Mail Tribune 100: January 26, 1913

That Wells Lounsberry, convicted train robber, formerly an orchardist in this valley, was the coolest man in the courtroom during his recent trial in Kansas City and that he made little effort to save himself, is the statement of Ralph Woodford, postmaster, who returned yesterday night from Kansas City where he was called with a number of other local people as a witness in the case.

"Lounsberry at no time seemed concerned as to the outcome of the trial," states Mr. Woodford, "but was apparently without interest in the case. It attracted much attention, the courtroom being crowded.

"The trial was of short duration inasmuch as it was not clearly shown that he had placed lives in jeopardy in robbing the mail he escaped with a light sentence. Lounsberry was apparently glad to see the boys from Medford and discussed many topics foreign to his case with them."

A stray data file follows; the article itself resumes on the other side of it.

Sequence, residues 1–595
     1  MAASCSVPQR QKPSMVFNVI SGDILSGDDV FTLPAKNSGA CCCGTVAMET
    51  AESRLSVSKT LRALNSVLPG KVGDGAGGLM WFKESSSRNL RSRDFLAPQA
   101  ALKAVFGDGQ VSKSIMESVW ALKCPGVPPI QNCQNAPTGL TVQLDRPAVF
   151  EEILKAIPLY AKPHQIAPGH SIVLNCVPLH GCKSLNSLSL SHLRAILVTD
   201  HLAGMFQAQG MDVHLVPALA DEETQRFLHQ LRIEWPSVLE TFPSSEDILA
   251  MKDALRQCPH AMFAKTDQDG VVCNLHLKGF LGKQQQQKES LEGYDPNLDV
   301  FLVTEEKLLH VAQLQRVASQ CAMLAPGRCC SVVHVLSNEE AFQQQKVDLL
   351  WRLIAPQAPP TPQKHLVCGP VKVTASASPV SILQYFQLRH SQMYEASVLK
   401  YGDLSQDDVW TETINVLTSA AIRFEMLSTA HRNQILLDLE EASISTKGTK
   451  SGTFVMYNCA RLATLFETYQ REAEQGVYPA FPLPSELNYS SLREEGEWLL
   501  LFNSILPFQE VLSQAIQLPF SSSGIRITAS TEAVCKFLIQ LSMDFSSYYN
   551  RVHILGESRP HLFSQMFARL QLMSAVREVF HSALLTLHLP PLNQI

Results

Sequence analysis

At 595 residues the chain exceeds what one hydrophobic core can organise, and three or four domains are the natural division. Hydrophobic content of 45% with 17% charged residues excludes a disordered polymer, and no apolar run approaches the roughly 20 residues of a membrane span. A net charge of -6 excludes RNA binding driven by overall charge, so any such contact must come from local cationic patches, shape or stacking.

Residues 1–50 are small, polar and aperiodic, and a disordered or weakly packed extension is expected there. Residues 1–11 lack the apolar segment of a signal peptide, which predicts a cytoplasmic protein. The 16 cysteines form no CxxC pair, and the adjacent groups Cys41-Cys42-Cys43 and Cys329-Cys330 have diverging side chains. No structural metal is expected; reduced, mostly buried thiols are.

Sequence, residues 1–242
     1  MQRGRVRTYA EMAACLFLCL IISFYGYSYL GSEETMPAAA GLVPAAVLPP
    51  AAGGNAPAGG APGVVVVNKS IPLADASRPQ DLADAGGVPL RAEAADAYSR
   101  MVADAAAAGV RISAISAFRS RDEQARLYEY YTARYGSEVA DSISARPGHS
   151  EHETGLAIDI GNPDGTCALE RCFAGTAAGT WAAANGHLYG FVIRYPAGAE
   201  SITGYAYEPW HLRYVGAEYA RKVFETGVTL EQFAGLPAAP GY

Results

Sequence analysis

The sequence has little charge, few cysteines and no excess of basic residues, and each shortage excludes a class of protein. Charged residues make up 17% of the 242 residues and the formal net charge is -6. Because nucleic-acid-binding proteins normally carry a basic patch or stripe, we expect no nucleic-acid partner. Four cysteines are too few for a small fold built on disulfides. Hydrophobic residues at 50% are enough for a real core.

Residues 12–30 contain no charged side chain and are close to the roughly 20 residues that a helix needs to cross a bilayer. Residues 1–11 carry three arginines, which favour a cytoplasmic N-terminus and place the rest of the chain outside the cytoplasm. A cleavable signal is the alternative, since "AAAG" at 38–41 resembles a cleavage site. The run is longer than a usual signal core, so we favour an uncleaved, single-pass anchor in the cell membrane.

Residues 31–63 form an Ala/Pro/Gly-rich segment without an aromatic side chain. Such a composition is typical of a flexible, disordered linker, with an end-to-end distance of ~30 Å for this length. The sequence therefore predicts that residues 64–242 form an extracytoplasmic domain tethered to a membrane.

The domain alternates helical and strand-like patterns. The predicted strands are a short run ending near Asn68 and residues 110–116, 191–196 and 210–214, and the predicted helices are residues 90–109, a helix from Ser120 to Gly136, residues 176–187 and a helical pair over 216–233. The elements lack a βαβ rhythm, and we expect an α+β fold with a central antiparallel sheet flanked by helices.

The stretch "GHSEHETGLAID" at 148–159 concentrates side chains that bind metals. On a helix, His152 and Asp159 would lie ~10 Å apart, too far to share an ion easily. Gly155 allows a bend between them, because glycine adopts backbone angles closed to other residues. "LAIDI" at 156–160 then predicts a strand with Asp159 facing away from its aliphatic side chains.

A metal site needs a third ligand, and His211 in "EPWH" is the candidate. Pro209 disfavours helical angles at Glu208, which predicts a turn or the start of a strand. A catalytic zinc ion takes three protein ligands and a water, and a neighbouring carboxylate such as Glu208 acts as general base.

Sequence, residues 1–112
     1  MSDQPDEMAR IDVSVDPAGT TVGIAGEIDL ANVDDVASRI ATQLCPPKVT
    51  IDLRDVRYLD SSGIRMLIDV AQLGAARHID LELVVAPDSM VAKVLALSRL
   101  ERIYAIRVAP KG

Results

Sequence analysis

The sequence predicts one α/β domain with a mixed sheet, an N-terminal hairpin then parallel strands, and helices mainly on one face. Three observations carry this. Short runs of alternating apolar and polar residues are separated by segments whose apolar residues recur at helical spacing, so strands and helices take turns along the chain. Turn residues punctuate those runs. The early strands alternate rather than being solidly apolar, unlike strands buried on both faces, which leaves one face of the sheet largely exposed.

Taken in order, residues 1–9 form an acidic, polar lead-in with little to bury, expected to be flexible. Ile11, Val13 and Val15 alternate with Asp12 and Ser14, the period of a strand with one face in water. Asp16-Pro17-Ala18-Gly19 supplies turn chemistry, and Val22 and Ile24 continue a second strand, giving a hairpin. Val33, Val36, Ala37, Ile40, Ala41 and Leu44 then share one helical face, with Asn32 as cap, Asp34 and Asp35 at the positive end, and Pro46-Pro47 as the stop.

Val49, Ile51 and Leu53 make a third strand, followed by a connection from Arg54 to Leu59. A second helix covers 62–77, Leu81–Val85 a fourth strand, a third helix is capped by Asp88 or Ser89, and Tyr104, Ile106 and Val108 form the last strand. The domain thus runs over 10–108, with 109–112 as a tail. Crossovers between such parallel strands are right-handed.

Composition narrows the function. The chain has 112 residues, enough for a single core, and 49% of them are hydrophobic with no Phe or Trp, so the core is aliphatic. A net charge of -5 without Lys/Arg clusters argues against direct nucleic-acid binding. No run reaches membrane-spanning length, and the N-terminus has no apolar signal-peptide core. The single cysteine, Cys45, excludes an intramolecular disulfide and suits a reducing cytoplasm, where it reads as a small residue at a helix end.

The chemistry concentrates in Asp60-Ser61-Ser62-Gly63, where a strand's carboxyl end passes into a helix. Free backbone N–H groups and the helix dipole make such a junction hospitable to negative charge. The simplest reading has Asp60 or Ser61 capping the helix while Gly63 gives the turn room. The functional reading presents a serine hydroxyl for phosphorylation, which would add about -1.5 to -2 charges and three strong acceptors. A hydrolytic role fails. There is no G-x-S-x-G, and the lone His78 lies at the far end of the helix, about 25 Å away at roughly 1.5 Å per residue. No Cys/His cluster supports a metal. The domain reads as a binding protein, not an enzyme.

H.J. Ramsey, promologist in charge of fruit transportation and storage investigation, bureau of plant industry, department of agriculture, has written Prof. P.J. O'Gara as follows:

"We are going to issue the results of our past season's investigations with Bartlett pear precooling and storage in one of the next numbers of the bi-monthly Bureau of Plant Industry circulars, and we have a number of separates on the Medford work struck off, so that they will be available for mailing to every pear grower in the Rogue River valley.

"We feel that the results of these investigations are of the greatest importance to the industry, and that they ought to be made available as soon as possible. We are hoping that conditions will be favorable for that coming season, and that we may be able to make the actual shipments to eastern markets after precooling and storage at the producing end."

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